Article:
We are years out from a BC election, so the potential effects on provincial politics of what Mulcair said in 2013 will be long trumped by events over the next couple years. He would not have said what he did if we were in or near an election in BC. As to the risk that you obviously think Mulcair is taking with the federal fortunes in BC.... the NDP will not win by being another doormat for every megaproject going. There are already two very good doormats for that.

 

KenS

Summary:

The left is wrong- paying attention to the question of who is the "best economic manager" is crucial if the NDP is to win. The NDPs inherent disadvantage has to at least be neutralized. And this is no mean feat.

But it is also wrong, very wrong, to exprapolate that more of a necessary thing is better. And trying to ramp up the success around the econoomic managers issue is likely to end up being self defeating.

Skinny Dipper

While I think that Tom Mulcair will change the traditonal focus on NDP campaigns from health care and the environment to the economy, this shift didn't start with him.  Jack Layton started by having campaign platforms that targetted seniors and middle-class people--the people who are most likely to vote.  I do think that Mr. Mulcair will continue target the middle-class because it has the largest group of voters.  Yes, there may be a lot of poorer Canadians.  However, the poorer one is, the less likely one will vote.  Personally, I think it is more expensive for a party to try to get a non-voter to vote for you than get voters to switch parties.  My prediction is that Mr. Mulcair will target the big group of middle-class voters while offering a couple of niche promises to those less well-off.

kropotkin1951

Skinny Dipper wrote:

My prediction is that Mr. Mulcair will target the big group of middle-class voters while offering a couple of niche promises to those less well-off.

Yes that has always been the winning liberal formula.  Power being the goal not societal change it is indeed a very pragmatic and achievable goal.

socialdemocrati...

Centrist wrote:
And then we had Chrusty Clark go all over BC with her silly hardhat and a consistent narrative (which bandwagon the MSM was also on) about the economy and jobs. The MSM also portrayed the BC NDP as the "NO Party" to everything (economy wise) and the BC populace bought it up hook, line, and sinker. Pathetic. So much so that a 22% BC NDP lead at the beginning of the campaign turned into a 27% NDP deficit at the end of the campaign or a 5% Lib win. The BC voter apparently did not care about the major BC Lib scandals including Ethnogate, etc.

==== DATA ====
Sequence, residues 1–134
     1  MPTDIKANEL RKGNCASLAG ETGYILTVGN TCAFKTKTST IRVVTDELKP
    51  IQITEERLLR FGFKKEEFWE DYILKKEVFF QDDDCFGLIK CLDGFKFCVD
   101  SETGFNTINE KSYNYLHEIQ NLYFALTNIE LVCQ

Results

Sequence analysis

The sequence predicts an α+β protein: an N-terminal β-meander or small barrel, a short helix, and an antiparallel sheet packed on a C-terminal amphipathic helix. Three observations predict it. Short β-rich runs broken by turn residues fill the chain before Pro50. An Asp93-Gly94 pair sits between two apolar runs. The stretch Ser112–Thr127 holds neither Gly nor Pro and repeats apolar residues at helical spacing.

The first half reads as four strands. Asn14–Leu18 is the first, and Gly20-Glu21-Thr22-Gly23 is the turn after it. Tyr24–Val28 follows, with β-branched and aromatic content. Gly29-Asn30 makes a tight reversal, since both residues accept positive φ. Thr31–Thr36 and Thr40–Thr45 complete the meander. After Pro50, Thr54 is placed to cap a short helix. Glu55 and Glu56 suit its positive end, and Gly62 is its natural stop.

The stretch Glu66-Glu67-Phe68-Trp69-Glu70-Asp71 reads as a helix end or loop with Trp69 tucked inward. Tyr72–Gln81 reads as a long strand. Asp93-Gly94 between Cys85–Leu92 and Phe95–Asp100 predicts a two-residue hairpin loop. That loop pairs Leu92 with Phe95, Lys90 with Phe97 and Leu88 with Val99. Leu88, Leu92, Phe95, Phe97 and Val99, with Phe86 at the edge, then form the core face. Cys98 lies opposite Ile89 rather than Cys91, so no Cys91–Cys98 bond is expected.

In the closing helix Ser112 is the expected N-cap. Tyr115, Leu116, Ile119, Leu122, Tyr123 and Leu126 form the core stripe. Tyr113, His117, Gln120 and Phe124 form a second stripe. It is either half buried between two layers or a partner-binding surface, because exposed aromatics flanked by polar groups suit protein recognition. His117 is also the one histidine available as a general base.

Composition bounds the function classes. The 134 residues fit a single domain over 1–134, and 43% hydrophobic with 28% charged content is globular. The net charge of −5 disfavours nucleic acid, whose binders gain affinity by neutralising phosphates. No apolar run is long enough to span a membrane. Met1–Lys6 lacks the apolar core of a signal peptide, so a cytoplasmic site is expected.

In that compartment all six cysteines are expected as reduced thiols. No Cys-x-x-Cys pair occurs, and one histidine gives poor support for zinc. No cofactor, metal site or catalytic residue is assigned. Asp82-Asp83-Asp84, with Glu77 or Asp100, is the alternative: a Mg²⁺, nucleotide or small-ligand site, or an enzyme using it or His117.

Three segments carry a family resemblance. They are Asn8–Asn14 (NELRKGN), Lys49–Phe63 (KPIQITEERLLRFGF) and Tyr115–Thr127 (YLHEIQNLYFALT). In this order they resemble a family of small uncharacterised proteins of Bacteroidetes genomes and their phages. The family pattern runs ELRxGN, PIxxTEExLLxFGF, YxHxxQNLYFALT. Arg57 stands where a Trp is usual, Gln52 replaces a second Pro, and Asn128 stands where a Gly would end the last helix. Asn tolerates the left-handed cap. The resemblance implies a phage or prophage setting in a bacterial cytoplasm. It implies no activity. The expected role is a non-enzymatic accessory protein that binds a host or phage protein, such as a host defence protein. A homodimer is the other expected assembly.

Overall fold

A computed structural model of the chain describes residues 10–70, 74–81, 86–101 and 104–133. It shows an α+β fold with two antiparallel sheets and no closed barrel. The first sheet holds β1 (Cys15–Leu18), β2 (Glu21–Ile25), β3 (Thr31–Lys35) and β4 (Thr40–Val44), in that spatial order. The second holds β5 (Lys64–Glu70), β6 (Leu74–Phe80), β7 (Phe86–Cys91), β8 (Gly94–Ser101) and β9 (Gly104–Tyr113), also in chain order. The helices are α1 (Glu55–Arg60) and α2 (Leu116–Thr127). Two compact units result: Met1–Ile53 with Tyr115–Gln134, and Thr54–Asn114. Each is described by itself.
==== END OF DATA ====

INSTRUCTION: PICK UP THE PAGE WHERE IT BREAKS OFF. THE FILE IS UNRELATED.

In one of the lowest election turnouts in Canadian history. 

I can't believe I opened babble to find people repeating that lazy lie that people chose the BC Liberals for the economy.

When the NDP loses an "easy" election due to abysmal turnout, the problem is much more painstakingly obvious: you can't beat a bad government with nothing. You can't just wait for them to flame out and piss all over themselves, and then say "hey, you have no other choice but to pick us now, we won't do anything wrong." You actually have to stand for something.

And to focus on turnout is also to be mindful of the attacks on Dix's ethics and flip flops in the campaign. When people lose faith in all the leaders, then turnout drops. When turnout drops, then the right-wing wins.

Quote:
Stockholm wrote:
If all that mattered was being seen as "competent economic managers" why isn't paul martin PM in a majority liberal government today?

I believe that is why Tom has been emphasing his previous "good economic manager" bit in the MSM, but I don't think that will be enough.

You believe that "good economic manager" won't be enough because you've been paying attention, and you have common sense.

KenS

I think the business of NDP sections waiting to inherit the brass ring by default goes hand in hand with the thinking that it is all about appearing as the good economic managers.

I dont see any necessary logical connection- but they do seem to go together.

 

The NS NDP definitely flew in under the radar to win government. Full disclosure: myself and others in the exiled 'dissident crowd' that cut across ideological lines, we said not only that we did not like it, but that it wont work. And we were proved wrong, pretty demonstrably.

But maybe we were more right than it appears, just not in the simplistic way we thought of it. For one thing we were proven right about 'part 2': even if you do achieve government, without a mandate of what you will do, it will be nothing. But maybe its even worse than that: that the lazy way in breeds the opposite of what it takes to be a resilient government.... one that can sustain itself, let alone do anything social democrats want to see out of government.